YES, yes and yes again. To what? The plebiscite on same sex marriage. And why? Because it is the right thing to do. Most of us know someone who is LGBTQI.
In my case, it is mostly through my involvement with local theatre, but also high-profile sportspeople and commentators. I also have two young female friends who have “come out” (I hate that expression).
No doubt it was a shock to their parents, but there is also no doubt that they do not love these kids less than their other children. Which is important.
For most young people the realisation they are gay is a traumatic experience and can even lead to suicide or self-harm.
The fact is, they are born gay; they do not choose it.
There should sensible debate around same sex-marriage, which recognises freedom of speech.
But “sensible” does not seem to be a relevant factor.
I have recently read a pamphlet put out by the Coalition for Marriage, titled 3 WAYS GAY MARRIAGE WILL CHANGE THE CLASSROOM.
It summarises the situation by saying: “Changing the marriage law will have consequences for what is taught in our kids’ classrooms. Changing the marriage law to allow same-sex couples to marry means taking gender out of our laws. Radical gay sex education programs will become more widespread and compulsory as has happened overseas. More and more kids will be taught their gender is fluid and not based on biology. If same-sex marriage becomes law, parents will not have a leg to stand on if they don’t want their kids taught radical sex education and gender ideologies. Saying ‘yes’ to same-sex marriage means saying ‘no’ to parents’ rights.”
Pretty full-on stuff, but we do have freedom of speech in this country.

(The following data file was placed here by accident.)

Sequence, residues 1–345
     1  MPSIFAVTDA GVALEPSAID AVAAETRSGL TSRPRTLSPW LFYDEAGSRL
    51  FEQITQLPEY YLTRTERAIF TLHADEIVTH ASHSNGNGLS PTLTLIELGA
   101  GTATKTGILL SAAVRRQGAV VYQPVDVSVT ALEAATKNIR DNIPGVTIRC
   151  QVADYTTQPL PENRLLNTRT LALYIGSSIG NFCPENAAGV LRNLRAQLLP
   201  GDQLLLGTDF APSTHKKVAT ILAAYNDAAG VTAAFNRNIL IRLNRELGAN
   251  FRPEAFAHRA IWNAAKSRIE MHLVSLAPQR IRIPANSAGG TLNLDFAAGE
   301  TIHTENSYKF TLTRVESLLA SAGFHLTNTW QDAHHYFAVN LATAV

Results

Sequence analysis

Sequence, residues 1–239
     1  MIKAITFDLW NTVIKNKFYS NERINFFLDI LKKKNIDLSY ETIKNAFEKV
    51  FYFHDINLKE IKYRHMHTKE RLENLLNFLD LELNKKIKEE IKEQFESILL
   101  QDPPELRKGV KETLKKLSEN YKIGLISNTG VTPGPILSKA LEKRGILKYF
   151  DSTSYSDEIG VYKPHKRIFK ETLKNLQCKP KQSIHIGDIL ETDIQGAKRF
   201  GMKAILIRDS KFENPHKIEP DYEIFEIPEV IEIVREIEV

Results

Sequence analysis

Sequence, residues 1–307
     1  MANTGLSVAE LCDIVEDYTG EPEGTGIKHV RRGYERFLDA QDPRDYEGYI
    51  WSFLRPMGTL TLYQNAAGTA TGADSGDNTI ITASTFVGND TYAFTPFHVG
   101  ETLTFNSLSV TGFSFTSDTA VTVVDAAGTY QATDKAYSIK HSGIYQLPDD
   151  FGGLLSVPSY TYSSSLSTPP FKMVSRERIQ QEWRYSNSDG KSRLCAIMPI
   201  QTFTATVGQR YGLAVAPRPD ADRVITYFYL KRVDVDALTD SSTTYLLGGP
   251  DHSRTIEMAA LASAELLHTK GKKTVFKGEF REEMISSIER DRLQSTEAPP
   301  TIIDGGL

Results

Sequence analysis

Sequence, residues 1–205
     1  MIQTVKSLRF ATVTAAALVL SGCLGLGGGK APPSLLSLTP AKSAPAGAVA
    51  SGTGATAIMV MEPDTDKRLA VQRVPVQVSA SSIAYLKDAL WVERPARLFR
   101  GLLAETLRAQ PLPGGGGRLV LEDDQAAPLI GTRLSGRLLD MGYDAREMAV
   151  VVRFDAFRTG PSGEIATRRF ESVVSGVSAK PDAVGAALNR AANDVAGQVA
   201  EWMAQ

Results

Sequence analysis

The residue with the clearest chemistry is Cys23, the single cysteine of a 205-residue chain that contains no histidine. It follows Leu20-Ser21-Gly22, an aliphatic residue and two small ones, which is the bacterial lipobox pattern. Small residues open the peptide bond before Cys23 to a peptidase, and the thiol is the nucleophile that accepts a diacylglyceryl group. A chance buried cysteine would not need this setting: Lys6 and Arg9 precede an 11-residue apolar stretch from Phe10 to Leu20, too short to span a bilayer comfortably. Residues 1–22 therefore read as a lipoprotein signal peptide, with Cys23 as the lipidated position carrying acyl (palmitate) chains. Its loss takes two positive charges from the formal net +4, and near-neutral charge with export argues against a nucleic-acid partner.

Although you can forgive Labor Senator Penny Wong for being a bit testy when, she claims, the Australian Christian Lobby describes the children of gay people as a stolen generation; especially when she has two young children herself.
Former Prime Minister Tony Abbott has been quoted as saying:
“If you change marriage you change society; because marriage is the basis of family; and family is the foundation of community”.
But Tony has failed to mention what the divorce rate is doing to our community.
And it must be fun sitting around the Abbott family table at Christmas time. Abbott’s sister Christine Forster is an openly gay woman.
So where does she fit into marriage being the basis of family and family is the foundation of community?
But the other side of the fence needs to be careful too.
Overly aggressive tactics are likely to drive people into the “No” camp.
There is a need for restraint and to be seen to be accommodating for everyone’s opinions, while putting your case forward in a logical manner. And to pick your mark.
Many people might now think of Margaret Court as being a bit of a loony, given her religious views.
But she is also one of our most successful and loved sports people.
So we don’t need former tennis stars such as Billie Jean King and Martina Navratilova telling us we should change the name of the complex named in her honour.
At the end of the day, it comes down to reading all the evidence and arguments – and then voting YES. Please.